IRL the player with the best combination of average, home runs, rbi’s almost always wins the MVP but until recently, they had no concept of overall value or defensive value or know the difference between batting average and on base percentage.

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Old 09-08-2019, 04:12 PM   #28
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I hear you, CBeisbol (and Reed). We have differing opinions, and that's fine. Baseball is big enough to support lots of different opinions. Some caveats:
  • Mine is a batting award; perhaps this WAR is geared to MVP but IRL, how much does baserunning and defense count toward the real MVP?
  • I would assume that OOTPD's WAR would not vary so much from FanGraph's and others, but could it? Not good, if so. Who is right?
  • Granted, this is 1906 and perhaps the current definition of WAR is not good for that era. If so, how useful is WAR for comparing players of different times?
Anyway, I share this irony: After all that, I didn't go with Estave or Pennypacker. Instead, I picked this guy. I started with OPS and searched for his name on other lists. Yes, I know AVG, OBP, and SLG all comprise OPS but he was also up there in Hits, Runs, Total Bases, and Stolen Bases.

I think Gibson was the best all-around batter and baserunner in the league this year. As far as fielding, that's for my Golden Glove Award.

Thus, the dark horse for the Batting Excellence Award (plus, he's an interesting 2-way player). And a new approach to manually picking my awards, thanks to participating in this thread.
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Old 09-08-2019, 04:38 PM   #29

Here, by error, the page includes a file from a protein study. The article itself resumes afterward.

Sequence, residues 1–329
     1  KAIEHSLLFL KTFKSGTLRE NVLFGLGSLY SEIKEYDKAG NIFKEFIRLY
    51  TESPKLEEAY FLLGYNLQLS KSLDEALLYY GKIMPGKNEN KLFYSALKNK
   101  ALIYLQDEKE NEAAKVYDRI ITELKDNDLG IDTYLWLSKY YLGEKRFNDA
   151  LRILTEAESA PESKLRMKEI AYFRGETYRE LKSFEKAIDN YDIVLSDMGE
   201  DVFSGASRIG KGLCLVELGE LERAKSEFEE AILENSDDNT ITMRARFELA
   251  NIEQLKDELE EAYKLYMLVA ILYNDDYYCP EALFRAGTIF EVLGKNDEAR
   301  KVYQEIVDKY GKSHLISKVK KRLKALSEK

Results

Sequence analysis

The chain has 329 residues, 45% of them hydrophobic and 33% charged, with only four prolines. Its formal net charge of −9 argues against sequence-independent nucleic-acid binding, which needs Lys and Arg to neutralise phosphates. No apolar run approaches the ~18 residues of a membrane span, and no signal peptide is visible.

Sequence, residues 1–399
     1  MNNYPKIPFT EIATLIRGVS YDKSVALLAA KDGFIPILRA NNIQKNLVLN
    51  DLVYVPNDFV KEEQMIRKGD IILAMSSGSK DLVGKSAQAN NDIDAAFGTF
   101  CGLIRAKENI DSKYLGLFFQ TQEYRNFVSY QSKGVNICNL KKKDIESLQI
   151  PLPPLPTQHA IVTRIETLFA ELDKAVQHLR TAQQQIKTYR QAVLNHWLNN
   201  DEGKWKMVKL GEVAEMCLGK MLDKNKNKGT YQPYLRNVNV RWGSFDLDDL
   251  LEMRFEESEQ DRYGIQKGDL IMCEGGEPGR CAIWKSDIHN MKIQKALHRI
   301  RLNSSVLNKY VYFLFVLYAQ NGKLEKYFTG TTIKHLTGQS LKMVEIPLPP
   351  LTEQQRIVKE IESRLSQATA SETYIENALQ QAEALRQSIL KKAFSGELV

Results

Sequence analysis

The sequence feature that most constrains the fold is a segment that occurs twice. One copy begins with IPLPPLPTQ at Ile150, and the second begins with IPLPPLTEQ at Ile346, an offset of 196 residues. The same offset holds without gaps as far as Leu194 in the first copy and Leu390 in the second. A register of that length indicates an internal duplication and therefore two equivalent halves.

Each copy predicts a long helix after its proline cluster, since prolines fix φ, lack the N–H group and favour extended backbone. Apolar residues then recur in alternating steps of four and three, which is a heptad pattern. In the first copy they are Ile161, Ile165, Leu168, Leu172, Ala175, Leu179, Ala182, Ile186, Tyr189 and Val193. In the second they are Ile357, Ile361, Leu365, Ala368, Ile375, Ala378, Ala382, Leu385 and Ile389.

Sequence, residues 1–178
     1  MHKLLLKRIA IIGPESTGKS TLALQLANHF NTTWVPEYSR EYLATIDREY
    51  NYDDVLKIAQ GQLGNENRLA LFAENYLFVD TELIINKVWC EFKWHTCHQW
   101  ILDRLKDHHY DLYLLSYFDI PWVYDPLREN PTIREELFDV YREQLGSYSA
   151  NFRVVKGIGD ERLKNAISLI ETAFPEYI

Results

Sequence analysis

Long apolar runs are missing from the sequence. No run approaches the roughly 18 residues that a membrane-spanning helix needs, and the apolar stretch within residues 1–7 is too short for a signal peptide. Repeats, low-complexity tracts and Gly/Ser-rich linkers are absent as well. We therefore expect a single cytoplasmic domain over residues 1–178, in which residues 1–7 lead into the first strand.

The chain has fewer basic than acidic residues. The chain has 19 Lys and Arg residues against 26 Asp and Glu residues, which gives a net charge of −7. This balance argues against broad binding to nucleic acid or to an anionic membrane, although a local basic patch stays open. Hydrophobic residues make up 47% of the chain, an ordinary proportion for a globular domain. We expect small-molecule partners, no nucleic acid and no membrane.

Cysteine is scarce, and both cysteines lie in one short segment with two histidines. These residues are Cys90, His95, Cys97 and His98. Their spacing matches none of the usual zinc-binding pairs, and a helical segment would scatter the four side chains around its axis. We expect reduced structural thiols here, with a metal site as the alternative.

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I hear you, CBeisbol (and Reed). We have differing opinions, and that's fine.
It's fine to have differing opinions about, say, which ice cream flavor is best.

But it's factually inaccurate to say that, for example, measuring distances by pacing them off is more accurate than using a meter stick - assuming you have a decent meter stick (which is not just a glib comment).


Quote:
[*]Mine is a batting award; perhaps this WAR is geared to MVP but IRL, how much does baserunning and defense count toward the real MVP?
One run equals one run.
Again, the loudest critics of WAR show the least understanding of it.
People who understand WAR realize it is a accurate, but imperfect, tool.

Quote:
[*]I would assume that OOTPD's WAR would not vary so much from FanGraph's and others, but could it? Not good, if so. Who is right?
Well, for starters FanGraph's WAR measures actual baseball while OOTP's measures a computer games. So, that's a pretty stark difference.

Again, most any WAR is calculation is simply going to be
Batting runs+fielding runs+defense runs+replacement level.

How those are calculated, and what inputs are used to calculate them, can vary.

This is why looking at different WARs is valuable. When you understand the differences in the inputs you can understand why different WARs may rate players differently.

Quote:
[*]Granted, this is 1906 and perhaps the current definition of WAR is not good for that era. If so, how useful is WAR for comparing players of different times?
Pretty useful, but imperfect.

Like, say, OPS
A guy has a .750 OPS. Is that good or bad?
Well, if it was in 1875 when the league OPS was .571, it was pretty good
If it was in 1894 when it was .819, it was not as good.

You could do the same with batting average, ERA, OBP, etc...

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Old 09-08-2019, 05:16 PM   #30